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Tania Johannisson, director of game integrity and risk at Evolution, took to the iGaming NEXT: Valletta ‘21 stage on Thursday, to share the 5 life lessons she has learnt by busting the biggest gaming industry myths.

This session breaks down commonly believed myths about gaming, held true by customers and businesses alike, to show the audience how the right approach can help avoid falling into the trap of the myths.


Myth #1: The higher the win, the more compromised the integrity of the game might be.

This commonly-held belief, Johannisson argued, causes operators to believe there is a problem with games when players win big.

The solution? We can either believe in math, or magic, she argued. A player winning €3m on baccarat when betting €500,000 per game is just as likely as someone betting €10 and winning €60 – but the first circumstance is far more likely to arouse suspicion.

What Johannisson learned from this is that when examining a problem, it’s crucial to apply a critical mindset.


Myth #2: The pattern of red and black in roulette can help you predict the outcome of the next spin.

Far from being something believed only by uncritical customers, Johannisson said she was once contacted by a game protection professional claiming he had discovered a new way to beat the game of roulette.

He said he had studied tens of thousands of spins, and identified that if you wait for a certain number of repeated red or black results, and then bet the opposite – you’ll have the advantage.

Of course, the reality is that the roulette wheel has no memory, and the chances of getting red and black is identical on each spin.

The lesson learnt from this is that we must learn the game we are playing.


Myth #3: You can beat the game using strategies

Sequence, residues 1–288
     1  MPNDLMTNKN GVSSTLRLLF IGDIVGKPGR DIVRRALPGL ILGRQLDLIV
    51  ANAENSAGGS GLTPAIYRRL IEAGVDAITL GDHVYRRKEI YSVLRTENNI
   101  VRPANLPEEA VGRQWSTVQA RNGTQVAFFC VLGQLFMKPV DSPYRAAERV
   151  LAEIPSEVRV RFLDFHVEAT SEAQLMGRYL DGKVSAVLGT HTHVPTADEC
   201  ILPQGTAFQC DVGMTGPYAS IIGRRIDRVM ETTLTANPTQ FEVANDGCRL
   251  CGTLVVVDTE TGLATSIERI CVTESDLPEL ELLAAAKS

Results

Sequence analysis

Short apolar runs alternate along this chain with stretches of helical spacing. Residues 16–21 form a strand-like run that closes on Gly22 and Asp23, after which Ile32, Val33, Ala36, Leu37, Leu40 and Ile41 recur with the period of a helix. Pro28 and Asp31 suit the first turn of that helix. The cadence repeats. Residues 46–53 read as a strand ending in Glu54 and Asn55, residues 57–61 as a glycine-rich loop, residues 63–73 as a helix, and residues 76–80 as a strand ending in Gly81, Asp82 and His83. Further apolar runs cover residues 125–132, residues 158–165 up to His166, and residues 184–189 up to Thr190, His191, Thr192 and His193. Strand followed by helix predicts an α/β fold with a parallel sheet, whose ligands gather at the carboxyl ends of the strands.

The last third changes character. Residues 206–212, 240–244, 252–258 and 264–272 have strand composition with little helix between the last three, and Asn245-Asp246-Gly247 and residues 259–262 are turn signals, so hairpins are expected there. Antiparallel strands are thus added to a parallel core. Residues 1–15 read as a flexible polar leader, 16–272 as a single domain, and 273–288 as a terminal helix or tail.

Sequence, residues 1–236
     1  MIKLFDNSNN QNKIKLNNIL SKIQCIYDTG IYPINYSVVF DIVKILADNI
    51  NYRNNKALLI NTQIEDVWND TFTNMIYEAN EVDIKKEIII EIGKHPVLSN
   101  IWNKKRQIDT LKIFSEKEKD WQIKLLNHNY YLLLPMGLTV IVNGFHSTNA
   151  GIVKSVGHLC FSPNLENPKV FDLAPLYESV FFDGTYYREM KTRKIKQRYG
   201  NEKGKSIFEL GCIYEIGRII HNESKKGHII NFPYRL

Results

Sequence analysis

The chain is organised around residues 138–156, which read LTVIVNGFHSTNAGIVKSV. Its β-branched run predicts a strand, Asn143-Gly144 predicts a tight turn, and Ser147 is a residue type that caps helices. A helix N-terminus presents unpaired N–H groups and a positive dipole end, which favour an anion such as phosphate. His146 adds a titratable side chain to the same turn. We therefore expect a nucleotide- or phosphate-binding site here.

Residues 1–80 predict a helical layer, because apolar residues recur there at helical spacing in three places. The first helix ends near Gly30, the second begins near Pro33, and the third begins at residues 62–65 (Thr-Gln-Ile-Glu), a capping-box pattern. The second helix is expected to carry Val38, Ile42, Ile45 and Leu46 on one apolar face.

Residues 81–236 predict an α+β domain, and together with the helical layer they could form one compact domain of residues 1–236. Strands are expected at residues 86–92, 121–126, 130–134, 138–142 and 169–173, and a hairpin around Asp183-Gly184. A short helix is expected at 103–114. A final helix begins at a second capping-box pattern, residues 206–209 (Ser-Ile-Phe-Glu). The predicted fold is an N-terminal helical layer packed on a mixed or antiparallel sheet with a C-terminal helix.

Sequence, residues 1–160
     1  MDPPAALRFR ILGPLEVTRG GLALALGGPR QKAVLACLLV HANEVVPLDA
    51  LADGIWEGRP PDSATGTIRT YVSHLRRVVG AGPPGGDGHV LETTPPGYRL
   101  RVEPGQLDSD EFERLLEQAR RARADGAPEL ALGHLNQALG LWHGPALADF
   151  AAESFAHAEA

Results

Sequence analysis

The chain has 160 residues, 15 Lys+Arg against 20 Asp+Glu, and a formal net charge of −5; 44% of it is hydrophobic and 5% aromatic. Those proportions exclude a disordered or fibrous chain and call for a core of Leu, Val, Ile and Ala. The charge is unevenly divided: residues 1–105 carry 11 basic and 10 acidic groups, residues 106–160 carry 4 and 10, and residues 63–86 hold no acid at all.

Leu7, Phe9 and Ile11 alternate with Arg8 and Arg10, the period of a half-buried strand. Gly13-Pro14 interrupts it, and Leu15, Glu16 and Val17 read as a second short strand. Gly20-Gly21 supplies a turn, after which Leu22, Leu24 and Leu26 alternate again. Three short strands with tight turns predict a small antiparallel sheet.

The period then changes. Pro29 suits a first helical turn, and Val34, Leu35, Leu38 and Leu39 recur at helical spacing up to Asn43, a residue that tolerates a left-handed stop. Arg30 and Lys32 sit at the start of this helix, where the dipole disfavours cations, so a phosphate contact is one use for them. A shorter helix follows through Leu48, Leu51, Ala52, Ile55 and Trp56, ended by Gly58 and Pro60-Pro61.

The problem with gaming strategies designed to beat the game, Johannisson argued, is that they do work – until they don’t.

At the end of the day, players will lose precisely the percentage which the game is designed to hold from their turnover, regardless of the system.

The lesson to be learnt from this is to be adaptive. What works today will not necessarily work tomorrow, so we must learn to be flexible, and be ready to react to the unexpected.


Myth #4: Players who show poor gaming skills are not a threat

Johannisson used the story of Phil Ivey’s $20m Baccarat win, achieved using an extortion technique, to illustrate this point.

After his first big win, the casino operator reportedly responded by saying “It’s OK, we will get him in the end… he is a lousy Baccarat player.”

Little did the operator know, of course, that Ivey was making several requests of the casino which allowed him to gain a competitive advantage.

Lessons learned from this situation include not to underestimate players, regardless of your assumptions, and Johannisson argued it can also teach us a lot about support. It’s important to get support in the areas where you need it most, as everyone needs some support to succeed.


Myth #5: Winning is all that matters

Winning itself is not an indication of suspicious behaviour, Johannisson argued, as some clients tend to believe.

In her experience, she said, it is the betting behaviour itself which shows suspicious intent – not the end result of the session, but the activity throughout.

So, the lesson is, we need to learn to see through the journey – and enjoy the ride. To those who think Evolution has always been successful, she said – think again.

The business has been on an extremely volatile journey to come to where it is today, and the key to its success is that it keeps working harder, whether the business is winning or losing.

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